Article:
U.S. Navy Looks at a Common Control System for future Naval UAS Operations

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Ballista multi-UAV control system demonstrates how three naval unmanned systems - MQ-4C Triton, UCLASS and RQ21A Integrator are tasked on a single mission by a single operator. Photo: Lockheed Martin
Ballista multi-UAV control system demonstrates how three naval unmanned systems – MQ-4C Triton, UCLASS and RQ21A Integrator are tasked on a single mission by a single operator. Photo: Lockheed Martin
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The US Navy has recently evaluated the operation of multiple types of unmanned aerial systems (UAS) from a single command and control (C2) system. During the demonstration, a team set by Lockheed Martin team integrated command and control (C2) and and intelligence, surveillance and reconnaissance (ISR) systems to provide mission planning, sensor and common operational control for multiple UAS platforms to provide operators with one comprehensive mission picture. The demonstration was executed in support of the Navy’s upcoming Unmanned Carrier Launched Airborne Surveillance and Strike System (UCLASS) and Common Control System programs. defense-Update reports

For this demonstration the team used a new open architecture framework integrated with DreamHammer’s Ballista drone control software and Navy compliant software protocols, enabling a single operator to manag multiple UAS platforms simultaneously. The team also accessed the new ‘Navy Cloud’ capability to demonstrate control of the ISR sensors and fully integrate the data into one complete mission picture. The team then used this picture to rapidly re-task and re-route the UAS assets. In addition to using DreamHammer’s Ballista drone control software in this UCLASS demonstration, Lockheed Martin is teamed with DreamHammer Government Solutions in pursuit of the upcoming Navy Common Control System contract.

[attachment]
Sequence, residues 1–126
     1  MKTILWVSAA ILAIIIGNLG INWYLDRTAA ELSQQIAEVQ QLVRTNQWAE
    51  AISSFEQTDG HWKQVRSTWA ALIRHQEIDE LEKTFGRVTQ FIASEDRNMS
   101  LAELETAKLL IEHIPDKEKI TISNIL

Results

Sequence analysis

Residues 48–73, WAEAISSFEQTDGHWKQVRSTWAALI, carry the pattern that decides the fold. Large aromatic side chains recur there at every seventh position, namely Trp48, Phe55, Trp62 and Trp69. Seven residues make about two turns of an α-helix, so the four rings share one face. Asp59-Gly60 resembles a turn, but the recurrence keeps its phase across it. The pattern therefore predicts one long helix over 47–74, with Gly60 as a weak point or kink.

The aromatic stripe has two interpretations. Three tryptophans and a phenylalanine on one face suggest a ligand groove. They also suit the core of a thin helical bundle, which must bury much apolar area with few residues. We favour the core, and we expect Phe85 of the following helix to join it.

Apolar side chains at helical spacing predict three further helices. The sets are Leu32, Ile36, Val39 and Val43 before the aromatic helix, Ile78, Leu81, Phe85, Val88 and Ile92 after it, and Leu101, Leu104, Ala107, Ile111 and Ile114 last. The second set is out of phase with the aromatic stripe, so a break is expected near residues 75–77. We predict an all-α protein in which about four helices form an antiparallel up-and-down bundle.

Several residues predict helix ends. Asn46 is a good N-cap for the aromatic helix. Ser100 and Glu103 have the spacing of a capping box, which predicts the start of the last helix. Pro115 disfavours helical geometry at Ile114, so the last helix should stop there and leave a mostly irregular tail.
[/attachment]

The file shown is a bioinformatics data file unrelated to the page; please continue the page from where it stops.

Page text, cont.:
“This demonstration is an important step to fulfilling the Navy’s requirement for a Common Control System that leverages multiple architectures from varied operational systems,” said Rob Weiss, executive vice president of Advanced Strike and Intelligence and Reconnaissance Systems for Lockheed Martin Aeronautics. “A combined C2 and ISR capability will be essential as the Navy integrates UAS, beginning with UCLASS, into its ISR enterprise. We believe in their vision and this demonstration is an example of our work to reduce risk and make the Common Control System a reality.”

“This demonstration underscores the critical role that common command and control systems can play in actual operations by highlighting the ability to enrich the overall ISR picture and increase the speed of decision making,” said Jim Quinn, vice president of C4ISR Systems for Lockheed Martin Information Systems and Global Solutions. “An integrated battlespace picture emerges when we link the platforms, sensors, and information collected into one enterprise view that will enable the U.S. Navy to better achieve their C2 and ISR missions.”

Ballista is an intelligent control platform that integrates unrelated unmanned drones and robots from different manufacturers into one system. The system is built on an open platform which allows for autonomous and simultaneous control of multiple unmanned vehicles across all domains – space, air, sea and land — and can be run from nearly any computer including a tablet or a smartphone. DreamHammer has been licensing the software and providing support services to U.S. military and intelligence customers since August 2011. The system is currently available commercially, while previous releases were only made available to U.S. military and intelligence customers.

Lockheed martin is one of four companies submitting proposals for the US Navy future, unmanned carrier launched aircraft system (UCLASS)
Lockheed martin is one of four companies submitting proposals for the US Navy future, unmanned carrier launched aircraft system (UCLASS)

Source: Defense-Update


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